I have two numpy arrays and I am trying to divide one with the other and at the same time, I want to make sure that the entries where the divisor is 0, should just be replaced with 0.

So, I do something like:

log_norm_images = np.where(b_0 > 0, np.divide(diff_images, b_0), 0)

This gives me a run time warning of:

RuntimeWarning: invalid value encountered in true_divide

Now, I wanted to see what was going on and I did the following:

xx = np.isfinite(diff_images)
print (xx[xx == False])

xx = np.isfinite(b_0)
print (xx[xx == False])

However, both of these return empty arrays meaning that all the values in the arrays are finite. So, I am not sure where the invalid value is coming from. I am assuming checking b_0 > 0 in the np.where function takes care of the divide by 0.

The shape of the two arrays are (96, 96, 55, 64) and (96, 96, 55, 1)

  • Why would xx be False and a dict? – seequ Jan 8 '15 at 14:53
  • I think isfinite returns a boolean array. So, I am looking for places where the values are NOT finite. – Luca Jan 8 '15 at 14:54
  • Try [x for x in xx if x == False]. You're just trying to fetch the key False – seequ Jan 8 '15 at 14:55
  • You mean like this: print (xx[x for x in xx if x == False]). This raises a syntax error. – Luca Jan 8 '15 at 14:59
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    Related I guess: stackoverflow.com/q/26248654/846892 – Ashwini Chaudhary Jan 8 '15 at 15:05

You may have a NAN, INF, or NINF floating around somewhere. Try this:


If one or both of those returns False, that's likely the cause of the runtime error.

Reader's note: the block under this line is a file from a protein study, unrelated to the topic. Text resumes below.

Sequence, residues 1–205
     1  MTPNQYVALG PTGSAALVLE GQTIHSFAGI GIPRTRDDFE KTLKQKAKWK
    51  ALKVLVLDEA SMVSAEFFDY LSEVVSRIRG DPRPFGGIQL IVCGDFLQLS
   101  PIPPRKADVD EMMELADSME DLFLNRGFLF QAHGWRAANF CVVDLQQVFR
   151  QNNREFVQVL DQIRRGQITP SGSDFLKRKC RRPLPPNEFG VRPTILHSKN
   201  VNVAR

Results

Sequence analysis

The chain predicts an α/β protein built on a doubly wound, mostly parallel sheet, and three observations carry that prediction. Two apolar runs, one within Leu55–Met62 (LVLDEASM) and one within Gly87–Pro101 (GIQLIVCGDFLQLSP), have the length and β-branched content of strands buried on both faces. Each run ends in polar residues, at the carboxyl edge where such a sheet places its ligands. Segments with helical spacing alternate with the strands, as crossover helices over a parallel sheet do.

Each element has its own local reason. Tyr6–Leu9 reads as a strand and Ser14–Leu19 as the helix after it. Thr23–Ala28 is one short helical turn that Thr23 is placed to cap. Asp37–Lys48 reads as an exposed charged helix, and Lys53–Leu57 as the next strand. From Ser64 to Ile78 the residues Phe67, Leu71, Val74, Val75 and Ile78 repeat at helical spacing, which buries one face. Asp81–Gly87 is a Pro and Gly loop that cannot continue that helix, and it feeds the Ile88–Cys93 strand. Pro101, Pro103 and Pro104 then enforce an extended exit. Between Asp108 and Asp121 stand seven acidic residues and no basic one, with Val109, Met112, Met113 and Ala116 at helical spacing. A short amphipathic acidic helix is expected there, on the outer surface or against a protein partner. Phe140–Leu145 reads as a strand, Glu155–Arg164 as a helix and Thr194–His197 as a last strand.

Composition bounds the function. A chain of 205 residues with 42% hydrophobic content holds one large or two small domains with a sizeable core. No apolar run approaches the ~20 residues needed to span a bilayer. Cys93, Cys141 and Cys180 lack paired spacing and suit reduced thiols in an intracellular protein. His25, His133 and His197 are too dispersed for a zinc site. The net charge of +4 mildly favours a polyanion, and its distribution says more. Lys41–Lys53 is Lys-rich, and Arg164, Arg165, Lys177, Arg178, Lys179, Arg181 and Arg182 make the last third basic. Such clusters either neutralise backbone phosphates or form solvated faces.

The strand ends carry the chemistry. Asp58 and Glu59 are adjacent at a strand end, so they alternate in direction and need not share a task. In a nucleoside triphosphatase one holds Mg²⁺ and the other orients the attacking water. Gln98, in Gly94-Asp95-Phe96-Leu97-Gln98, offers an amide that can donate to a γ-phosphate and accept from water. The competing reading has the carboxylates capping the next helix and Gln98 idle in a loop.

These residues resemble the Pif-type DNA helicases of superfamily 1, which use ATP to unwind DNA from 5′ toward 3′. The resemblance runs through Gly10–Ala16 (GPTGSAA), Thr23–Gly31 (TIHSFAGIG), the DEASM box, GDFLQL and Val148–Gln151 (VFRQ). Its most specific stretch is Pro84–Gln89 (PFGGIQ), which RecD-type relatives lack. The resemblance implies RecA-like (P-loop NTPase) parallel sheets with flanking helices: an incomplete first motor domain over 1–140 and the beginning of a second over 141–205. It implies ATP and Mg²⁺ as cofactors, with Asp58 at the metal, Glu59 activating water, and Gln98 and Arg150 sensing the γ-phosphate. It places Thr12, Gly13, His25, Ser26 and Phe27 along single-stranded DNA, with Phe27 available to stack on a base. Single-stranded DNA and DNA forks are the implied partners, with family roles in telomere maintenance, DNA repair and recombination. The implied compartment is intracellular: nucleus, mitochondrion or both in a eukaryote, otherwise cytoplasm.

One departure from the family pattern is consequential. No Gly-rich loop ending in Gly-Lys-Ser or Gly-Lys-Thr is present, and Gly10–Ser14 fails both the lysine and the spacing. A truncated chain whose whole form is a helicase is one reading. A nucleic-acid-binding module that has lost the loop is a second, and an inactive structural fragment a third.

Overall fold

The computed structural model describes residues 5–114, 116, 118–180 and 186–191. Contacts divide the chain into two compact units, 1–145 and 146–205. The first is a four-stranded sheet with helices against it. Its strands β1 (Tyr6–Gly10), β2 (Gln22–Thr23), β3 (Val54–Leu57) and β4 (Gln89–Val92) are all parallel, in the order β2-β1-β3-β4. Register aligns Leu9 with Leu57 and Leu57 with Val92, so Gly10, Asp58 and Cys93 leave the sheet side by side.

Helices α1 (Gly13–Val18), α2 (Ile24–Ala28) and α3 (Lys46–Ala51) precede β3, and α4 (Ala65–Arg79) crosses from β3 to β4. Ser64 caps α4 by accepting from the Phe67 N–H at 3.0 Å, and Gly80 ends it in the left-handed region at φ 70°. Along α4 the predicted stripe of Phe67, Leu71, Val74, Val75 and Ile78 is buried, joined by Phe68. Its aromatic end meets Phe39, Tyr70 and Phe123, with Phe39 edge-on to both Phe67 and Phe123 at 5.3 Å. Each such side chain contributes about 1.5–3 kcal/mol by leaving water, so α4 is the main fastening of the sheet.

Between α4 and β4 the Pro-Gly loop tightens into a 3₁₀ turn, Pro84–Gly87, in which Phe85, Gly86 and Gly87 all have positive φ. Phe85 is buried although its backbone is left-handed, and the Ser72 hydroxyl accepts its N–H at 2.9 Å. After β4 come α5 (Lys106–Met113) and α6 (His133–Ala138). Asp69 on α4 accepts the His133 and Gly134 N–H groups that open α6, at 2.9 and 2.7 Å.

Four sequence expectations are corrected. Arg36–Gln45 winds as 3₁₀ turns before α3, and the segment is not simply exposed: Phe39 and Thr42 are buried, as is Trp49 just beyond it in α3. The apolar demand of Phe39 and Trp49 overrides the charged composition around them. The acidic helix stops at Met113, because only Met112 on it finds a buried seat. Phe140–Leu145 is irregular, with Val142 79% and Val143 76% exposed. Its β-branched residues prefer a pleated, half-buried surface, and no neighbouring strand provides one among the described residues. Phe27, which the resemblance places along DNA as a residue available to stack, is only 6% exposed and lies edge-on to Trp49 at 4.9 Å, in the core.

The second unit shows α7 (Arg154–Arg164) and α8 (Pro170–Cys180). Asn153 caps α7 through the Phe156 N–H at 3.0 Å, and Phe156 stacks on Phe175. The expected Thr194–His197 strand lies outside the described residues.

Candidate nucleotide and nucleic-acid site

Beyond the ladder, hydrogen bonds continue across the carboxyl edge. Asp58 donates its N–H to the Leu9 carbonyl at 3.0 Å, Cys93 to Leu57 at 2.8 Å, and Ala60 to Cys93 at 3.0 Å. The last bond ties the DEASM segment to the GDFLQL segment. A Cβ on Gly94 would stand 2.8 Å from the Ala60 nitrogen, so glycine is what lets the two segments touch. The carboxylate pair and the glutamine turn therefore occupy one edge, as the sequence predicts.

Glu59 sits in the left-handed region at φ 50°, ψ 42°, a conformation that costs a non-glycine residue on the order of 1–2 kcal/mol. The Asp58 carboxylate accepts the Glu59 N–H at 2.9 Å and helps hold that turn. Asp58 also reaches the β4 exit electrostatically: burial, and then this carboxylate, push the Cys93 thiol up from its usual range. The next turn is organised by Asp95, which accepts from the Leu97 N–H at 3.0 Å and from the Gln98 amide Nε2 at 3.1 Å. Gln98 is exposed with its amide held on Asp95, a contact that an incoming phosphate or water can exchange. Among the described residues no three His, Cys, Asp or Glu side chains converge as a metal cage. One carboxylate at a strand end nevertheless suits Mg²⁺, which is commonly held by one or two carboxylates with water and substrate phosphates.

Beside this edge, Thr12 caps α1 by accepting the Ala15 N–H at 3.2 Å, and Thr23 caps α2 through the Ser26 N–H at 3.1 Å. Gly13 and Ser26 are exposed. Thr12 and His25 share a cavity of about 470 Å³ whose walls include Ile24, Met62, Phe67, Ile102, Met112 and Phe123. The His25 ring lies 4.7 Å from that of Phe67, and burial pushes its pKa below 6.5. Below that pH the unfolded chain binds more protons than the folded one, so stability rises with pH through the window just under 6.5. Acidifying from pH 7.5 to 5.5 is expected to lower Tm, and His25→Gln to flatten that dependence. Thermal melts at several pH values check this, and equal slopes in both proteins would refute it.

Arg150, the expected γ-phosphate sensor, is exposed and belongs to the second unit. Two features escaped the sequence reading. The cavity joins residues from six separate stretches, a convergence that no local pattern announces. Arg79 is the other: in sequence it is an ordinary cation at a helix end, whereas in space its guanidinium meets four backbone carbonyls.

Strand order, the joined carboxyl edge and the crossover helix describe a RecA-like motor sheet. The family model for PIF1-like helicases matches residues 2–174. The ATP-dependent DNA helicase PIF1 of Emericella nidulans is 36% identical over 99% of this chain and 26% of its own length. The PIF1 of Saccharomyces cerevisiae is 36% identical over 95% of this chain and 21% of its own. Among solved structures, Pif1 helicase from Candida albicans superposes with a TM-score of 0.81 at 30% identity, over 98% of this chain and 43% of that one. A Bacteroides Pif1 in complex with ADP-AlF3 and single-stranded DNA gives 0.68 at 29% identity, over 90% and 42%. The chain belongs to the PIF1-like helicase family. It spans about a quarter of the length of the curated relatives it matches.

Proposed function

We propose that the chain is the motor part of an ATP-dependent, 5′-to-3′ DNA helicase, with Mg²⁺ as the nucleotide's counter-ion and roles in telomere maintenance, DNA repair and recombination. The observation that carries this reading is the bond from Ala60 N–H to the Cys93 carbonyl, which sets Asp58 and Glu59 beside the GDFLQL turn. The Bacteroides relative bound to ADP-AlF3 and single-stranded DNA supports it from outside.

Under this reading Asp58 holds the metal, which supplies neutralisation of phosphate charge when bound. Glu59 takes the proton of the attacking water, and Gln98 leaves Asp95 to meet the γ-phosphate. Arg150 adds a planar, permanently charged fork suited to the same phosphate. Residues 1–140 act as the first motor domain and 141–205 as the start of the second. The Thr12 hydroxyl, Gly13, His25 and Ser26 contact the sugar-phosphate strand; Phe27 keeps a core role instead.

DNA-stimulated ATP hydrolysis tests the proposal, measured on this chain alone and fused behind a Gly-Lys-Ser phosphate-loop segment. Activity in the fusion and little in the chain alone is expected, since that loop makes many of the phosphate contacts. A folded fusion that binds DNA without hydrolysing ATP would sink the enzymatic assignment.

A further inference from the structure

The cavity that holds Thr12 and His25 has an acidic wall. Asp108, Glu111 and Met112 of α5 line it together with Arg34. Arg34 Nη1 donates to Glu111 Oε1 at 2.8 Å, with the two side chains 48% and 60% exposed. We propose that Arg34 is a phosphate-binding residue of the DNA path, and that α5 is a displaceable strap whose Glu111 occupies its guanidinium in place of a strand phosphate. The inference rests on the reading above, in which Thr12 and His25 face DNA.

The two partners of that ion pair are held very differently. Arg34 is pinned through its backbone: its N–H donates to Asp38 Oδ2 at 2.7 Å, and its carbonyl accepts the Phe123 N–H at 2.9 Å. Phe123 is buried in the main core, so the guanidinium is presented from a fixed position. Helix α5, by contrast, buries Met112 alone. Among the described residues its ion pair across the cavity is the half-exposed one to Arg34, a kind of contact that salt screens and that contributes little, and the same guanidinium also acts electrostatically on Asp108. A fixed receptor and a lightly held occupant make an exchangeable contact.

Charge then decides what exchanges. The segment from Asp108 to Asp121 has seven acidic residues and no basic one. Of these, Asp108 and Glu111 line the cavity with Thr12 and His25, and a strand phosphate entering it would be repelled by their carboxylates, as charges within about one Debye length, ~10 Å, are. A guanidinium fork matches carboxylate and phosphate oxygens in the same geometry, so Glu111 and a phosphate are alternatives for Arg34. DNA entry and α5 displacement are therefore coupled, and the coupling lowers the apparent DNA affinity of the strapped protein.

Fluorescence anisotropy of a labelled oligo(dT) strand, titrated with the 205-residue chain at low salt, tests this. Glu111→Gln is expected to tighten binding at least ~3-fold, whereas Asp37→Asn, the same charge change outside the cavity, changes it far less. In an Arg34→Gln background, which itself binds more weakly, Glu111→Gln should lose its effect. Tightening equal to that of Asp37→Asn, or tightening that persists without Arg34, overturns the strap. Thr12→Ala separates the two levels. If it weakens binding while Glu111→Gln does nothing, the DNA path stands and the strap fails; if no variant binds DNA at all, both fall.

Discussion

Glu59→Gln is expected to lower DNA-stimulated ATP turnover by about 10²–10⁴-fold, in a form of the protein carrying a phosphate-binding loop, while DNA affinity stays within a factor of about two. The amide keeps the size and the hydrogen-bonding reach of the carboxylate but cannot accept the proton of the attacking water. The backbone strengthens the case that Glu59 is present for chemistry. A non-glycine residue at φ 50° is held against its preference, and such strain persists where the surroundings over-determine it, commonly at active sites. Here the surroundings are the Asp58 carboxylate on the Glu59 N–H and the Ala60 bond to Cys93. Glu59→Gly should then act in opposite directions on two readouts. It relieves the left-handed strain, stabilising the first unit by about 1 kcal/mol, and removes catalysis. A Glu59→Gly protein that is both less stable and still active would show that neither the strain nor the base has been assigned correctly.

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  • This raises The truth value of an array with more than one element is ambiguous. Use a.any() or a.all() – Luca Jan 8 '15 at 15:00
  • @Luca Sorry, edited the answer - I forgot you were dealing with multidimensional arrays for a second. :) – rchang Jan 8 '15 at 15:02
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    Thanks. They both return true though :/ – Luca Jan 8 '15 at 15:19
  • It seems like you can safely ignore the warning. I tried doing this with two random arrays (and an arbitrary element in one of the arrays set to 0) - I get the runtime warning the first time I run np.where, but if I repeat the exact same expression a second time I don't get the warning. – rchang Jan 8 '15 at 15:40
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    I decided to ignore this after verifying that the output indeed looks like it should. So, using "with np.errstate(invalid='ignore', divide='ignore'):" – Luca Jan 8 '15 at 22:58

Another useful Numpy command is nan_to_num(diff_images) By default it replaces in a Numpy array; NaN to zero, -INF to -(large number) and +INF to +(large number)

You can change the defaults, see https://numpy.org/doc/stable/reference/generated/numpy.nan_to_num.html

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